History

Described as one of the most beautiful gardens in Scotland, situated at 300 feet, overlooking Luce Bay and the Mull of Galloway, with clear views to the Isle of Man, Glenwhan is a must-see for all who love gardens and horticulture.

Fifty years ago there existed only wild moorland, but with dedication and vision, you can now see glorious collections of plants from around the world. There is colour in all seasons with winding paths, well placed seats, and varied sculptures, focusing around small lochans, adding to the tranquil atmosphere. There is also a 17 acre moorland wild walk, the chance to see red squirrels and a well marked Tree Trail.

Glenwhan has been cultivated over four decades from bog, rushes and gorse to win accolades as one of the best new gardens of recent times. The Gardens also feature unique & spectacular sea views over Luce Bay, The Mull of Galloway, and on a clear day to The Isle of Man. The Gardens are a true labour of love, hewn from rough moorland.

Spring is the time for the Rhododendrons & Azaleas and all the acid loving plants, making the garden wonderfully colourful.

With the warming influence of the Gulf Stream, Glenwhan  grows many tender plants from around the Southern Hemisphere, together with large collections of rare trees and shrubs. A numbered Tree Trail for the Dendrologist (tree lover) has been collated, along with a 17 acres of Moorland Walk with 120+ species of wildflowers, grasses, and ferns. Two small lake are the focal point of these family-run gardens, with Seats and  meandering paths running along enchanting walks with interesting sculptures, which the Visitor may discover.

So, how did these wonderful gardens come into being?

When my husband & I bought 103 acres of Galloway (site unseen!) in South West Scotland over the telephone in 1971, all we knew was that we had acquired land described” fit for afforestation”. Our first View of the land, on a gloriously sunny winter’s day consisted of bog, bracken & gorse, interspersed with the odd willow, surrounding the Georgian resevoir for the Dunragit Estate. It was not until our second visit that we discovered a ruin looming out of the mist, nestling like an eagle’s eyrie in the gully below.  As we explored the ruins, disturbing a herd of cattle, I spied a rickety ladder  leading up to the loft.  Climbing up, I found myself looking out of a broken skylight at the vast expanse of Luce Bay with the Mull of Galloway stretching into the distance.  I shouted down to Bill ‘ THIS IS WHERE WE ARE GOING TO LIVE.’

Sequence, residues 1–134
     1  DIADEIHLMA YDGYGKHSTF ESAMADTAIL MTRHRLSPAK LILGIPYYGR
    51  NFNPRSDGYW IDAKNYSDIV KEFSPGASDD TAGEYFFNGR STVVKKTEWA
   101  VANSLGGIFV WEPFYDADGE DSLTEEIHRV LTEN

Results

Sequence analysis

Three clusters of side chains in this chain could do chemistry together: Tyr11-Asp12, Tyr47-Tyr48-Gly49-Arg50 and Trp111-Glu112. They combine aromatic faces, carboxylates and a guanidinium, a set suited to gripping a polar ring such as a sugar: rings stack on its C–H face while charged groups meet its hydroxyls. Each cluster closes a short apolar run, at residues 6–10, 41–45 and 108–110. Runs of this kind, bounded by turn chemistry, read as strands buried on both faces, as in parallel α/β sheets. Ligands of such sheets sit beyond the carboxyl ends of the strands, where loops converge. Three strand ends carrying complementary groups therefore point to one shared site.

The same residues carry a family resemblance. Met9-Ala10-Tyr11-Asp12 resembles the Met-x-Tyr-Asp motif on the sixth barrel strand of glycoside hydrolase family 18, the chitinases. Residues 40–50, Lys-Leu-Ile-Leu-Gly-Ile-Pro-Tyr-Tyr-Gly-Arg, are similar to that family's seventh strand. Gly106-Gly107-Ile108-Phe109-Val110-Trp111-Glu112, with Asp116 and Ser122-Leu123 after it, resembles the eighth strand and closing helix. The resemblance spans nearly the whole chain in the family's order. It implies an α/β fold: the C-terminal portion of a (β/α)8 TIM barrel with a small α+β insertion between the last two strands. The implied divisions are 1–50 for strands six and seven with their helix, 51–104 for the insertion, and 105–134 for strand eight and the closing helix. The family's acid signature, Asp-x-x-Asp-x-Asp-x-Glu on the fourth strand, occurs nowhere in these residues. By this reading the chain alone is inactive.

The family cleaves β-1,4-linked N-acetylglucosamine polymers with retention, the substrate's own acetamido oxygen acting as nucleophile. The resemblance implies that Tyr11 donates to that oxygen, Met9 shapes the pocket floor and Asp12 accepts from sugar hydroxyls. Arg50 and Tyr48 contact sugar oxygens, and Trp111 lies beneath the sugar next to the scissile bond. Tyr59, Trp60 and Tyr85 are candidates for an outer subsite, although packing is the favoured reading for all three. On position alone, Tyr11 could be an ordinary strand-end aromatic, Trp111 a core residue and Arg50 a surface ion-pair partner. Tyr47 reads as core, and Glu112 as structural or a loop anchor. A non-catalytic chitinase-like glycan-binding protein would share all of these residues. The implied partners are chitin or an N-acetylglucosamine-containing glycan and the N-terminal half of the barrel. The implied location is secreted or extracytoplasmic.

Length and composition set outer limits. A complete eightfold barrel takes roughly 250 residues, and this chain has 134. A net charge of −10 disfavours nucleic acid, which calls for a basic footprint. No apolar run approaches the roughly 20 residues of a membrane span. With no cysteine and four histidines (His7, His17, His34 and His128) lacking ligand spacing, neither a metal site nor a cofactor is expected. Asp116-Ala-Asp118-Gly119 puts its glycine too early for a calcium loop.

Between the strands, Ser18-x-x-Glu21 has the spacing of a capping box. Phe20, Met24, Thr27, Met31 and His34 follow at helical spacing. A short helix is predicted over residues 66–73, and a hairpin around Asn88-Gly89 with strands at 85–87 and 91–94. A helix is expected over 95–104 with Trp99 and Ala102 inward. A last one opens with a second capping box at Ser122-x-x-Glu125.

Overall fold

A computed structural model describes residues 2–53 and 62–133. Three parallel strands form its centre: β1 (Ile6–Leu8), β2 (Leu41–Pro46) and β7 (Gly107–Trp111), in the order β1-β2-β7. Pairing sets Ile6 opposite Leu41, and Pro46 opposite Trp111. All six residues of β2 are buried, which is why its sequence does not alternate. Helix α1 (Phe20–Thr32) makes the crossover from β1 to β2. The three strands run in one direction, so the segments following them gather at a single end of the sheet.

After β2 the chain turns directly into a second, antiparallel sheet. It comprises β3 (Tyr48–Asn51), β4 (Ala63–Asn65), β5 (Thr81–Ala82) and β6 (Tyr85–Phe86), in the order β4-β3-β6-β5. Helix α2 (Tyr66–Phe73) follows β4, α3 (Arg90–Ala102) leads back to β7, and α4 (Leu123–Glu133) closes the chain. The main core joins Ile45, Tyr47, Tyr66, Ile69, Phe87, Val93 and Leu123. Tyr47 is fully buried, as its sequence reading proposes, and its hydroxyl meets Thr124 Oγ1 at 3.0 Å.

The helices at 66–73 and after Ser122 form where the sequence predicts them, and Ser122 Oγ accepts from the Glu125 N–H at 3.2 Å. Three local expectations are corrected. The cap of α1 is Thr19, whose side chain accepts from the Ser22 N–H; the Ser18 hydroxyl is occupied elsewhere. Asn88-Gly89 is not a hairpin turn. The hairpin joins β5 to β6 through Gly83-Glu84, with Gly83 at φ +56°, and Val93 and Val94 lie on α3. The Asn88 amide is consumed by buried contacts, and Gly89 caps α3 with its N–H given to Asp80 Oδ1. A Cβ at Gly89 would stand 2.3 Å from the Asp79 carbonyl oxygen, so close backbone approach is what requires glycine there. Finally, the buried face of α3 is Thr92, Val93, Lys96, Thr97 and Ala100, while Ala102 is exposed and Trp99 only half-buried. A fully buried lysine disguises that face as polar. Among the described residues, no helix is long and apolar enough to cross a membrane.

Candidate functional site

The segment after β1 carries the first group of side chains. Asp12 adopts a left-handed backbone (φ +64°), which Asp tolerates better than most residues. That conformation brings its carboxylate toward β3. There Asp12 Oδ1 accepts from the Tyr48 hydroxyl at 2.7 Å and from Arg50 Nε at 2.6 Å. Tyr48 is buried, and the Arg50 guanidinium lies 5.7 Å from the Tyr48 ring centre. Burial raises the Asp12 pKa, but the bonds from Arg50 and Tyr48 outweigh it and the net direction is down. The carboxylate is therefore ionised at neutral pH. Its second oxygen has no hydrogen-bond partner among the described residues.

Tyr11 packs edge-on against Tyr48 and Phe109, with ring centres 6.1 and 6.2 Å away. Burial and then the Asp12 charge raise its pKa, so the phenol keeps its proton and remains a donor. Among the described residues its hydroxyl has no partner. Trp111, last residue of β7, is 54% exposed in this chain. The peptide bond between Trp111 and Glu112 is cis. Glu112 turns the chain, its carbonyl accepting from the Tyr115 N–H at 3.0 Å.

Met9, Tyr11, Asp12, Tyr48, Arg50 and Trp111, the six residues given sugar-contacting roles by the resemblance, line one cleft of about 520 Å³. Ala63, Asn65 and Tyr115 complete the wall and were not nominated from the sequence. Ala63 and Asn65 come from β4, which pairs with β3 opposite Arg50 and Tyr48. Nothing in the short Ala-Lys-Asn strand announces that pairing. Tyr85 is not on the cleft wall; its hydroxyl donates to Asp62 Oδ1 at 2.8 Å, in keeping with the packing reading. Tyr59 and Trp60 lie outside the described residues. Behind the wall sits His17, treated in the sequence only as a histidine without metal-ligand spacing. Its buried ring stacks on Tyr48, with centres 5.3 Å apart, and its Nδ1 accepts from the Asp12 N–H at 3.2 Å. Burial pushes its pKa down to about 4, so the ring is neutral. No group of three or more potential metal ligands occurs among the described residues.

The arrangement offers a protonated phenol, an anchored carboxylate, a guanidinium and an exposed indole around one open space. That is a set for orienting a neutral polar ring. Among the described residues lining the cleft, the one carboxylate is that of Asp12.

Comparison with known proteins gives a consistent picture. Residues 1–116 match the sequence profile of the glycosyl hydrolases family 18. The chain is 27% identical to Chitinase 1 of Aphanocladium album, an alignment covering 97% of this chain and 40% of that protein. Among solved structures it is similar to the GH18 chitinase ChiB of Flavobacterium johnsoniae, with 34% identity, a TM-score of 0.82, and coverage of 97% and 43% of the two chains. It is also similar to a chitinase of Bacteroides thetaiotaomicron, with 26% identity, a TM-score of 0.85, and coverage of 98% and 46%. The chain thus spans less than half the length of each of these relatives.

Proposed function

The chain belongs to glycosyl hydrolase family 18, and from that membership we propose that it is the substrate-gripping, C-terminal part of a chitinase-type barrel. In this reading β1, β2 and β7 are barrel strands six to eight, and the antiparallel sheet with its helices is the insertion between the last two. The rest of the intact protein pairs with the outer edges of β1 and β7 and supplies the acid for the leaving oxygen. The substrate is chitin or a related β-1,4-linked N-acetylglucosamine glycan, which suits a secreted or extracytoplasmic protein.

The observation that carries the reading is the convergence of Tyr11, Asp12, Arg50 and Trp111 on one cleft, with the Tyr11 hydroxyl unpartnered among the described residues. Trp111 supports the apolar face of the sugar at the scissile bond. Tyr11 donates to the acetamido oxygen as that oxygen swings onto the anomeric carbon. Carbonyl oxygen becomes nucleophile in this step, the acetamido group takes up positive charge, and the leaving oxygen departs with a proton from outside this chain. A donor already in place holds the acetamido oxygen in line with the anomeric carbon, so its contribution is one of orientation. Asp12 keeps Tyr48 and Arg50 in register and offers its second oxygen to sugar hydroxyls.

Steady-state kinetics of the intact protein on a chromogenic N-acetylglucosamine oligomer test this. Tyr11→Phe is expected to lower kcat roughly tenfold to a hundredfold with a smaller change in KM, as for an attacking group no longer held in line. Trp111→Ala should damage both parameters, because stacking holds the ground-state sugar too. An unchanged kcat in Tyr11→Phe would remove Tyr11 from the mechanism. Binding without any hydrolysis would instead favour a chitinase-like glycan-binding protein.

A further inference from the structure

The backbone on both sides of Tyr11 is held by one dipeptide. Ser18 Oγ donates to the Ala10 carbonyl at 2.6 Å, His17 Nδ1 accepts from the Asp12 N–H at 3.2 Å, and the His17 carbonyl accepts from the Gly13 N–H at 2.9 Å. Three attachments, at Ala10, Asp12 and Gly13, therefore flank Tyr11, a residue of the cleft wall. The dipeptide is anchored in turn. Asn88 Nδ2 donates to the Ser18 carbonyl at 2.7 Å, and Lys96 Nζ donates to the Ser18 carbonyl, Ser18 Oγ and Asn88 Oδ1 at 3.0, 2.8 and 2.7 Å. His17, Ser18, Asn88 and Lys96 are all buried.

We moved to Galloway in 1974 to raise our young family and farm the land.  The task of making a garden was not our first priority, athough I brought my plants from Herefordshire with me!  After a visit to Logan Botanic Garden nearby, on the Rhins of Galloway I was inspired to start making a Garden.  Due to the warming influences of the Gulf Stream, I realised that I would be able to grow many tender plants from the Southern hemisphere, and due to the acidity of the ground with a PH of 6.5 many of the ericaceous plants like Rhododendrons, Azaleas, and Magnolias, would thrive. Although I had no horticultural training I felt emboldened to begin creating the gardens on the scale you see today.

Now many years on, the garden enjoys a micro-climate formed by the shelter belt trees reaching a mature height, together with the collection of trees and shrubs from around the world.  Geographically the garden lies one mile from the sea as the crow flies.  With the onset of global warming, we have endured very wet (average 40 inches a year) and unusually mild winters, with little frost or snow, which has become much more noticeable over the past decade.

I had a blank canvas on which to draw, when starting out at Glenwhan, which is an ongoing labour of love, and I have been very lucky to have had the opportunity to indulge myself in the making of the garden with the support of my family. But most of all how rewarding it is to have the wholehearted appreciation of our visitors, who not only enjoy the garden, but love the peace and tranquility of the place.  It is my hope that as Glenwhan Garden continues to change and adapt as time demands, they will keep returning to rediscover this small piece of nature’s magnificence.

‘I wanted a Garden, I got it, 
I scrabbled and mucked like a slave 
T’was it arthritis, sore backs, I fought it, 
Hurled my youth into the grave…’

with apologies to Robert Service author of The Spell of the Yukon,
Tessa Knott Sinclair

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